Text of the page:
The first time i tasted plastic
Was at age six
Playing pick up sticks next to brown boys with bird bones
Heard the crack of their laughter as they spat it at me on asphalt.
At fourteen being force-fed a double hand in the diaspora
My identity reduced to a single word, laced with disappointment. As if assimilation is something to be embarrassed about.
Hide it under the bed, create our own monsters in our head and
wonder why we’re afraid of the dark.
Stark memories of my homeland hidden beneath the shadows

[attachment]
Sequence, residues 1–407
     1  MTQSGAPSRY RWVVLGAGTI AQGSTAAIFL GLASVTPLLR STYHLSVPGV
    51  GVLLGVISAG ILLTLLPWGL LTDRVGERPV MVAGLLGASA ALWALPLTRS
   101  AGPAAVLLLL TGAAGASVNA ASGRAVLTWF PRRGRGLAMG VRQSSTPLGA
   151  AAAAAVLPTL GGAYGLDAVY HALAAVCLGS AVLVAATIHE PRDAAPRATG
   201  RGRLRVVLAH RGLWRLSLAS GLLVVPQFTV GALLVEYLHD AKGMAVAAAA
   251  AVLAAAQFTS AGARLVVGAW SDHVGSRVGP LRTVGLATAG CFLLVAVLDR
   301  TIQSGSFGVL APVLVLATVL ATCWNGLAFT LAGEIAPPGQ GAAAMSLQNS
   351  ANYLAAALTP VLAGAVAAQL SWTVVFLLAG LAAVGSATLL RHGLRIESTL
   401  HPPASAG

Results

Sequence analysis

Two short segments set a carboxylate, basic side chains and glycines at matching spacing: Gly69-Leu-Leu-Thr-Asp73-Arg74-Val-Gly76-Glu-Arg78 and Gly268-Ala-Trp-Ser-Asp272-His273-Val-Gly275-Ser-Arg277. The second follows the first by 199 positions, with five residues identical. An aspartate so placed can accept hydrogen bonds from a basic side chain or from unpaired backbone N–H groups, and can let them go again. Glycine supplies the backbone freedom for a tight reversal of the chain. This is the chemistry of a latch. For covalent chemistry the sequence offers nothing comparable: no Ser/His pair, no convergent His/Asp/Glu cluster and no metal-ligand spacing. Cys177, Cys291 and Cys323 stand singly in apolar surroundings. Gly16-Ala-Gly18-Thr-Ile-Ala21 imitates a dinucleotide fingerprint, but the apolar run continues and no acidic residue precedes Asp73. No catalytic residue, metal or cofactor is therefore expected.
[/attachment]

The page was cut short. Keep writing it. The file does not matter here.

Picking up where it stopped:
cast by the Long White Cloud
If ‘home is where the heart is’,
then mine is tethered to the thickened
blood washing out the
water of the womb
isn’t something you can just hold onto with wide eyes and open palms- trust me, I
slip through the cracked pavements it grew up on,
down to the buried bones of forgotten ancestors.
Could you still call a place home, if your words tastes like oil on the seas of tradition your mother tongue embracing English at the airport.
Would it still be home? If you’ve never heard a voice saying
‘Ofa’anga, foki mai ki api.
Darling, come back home.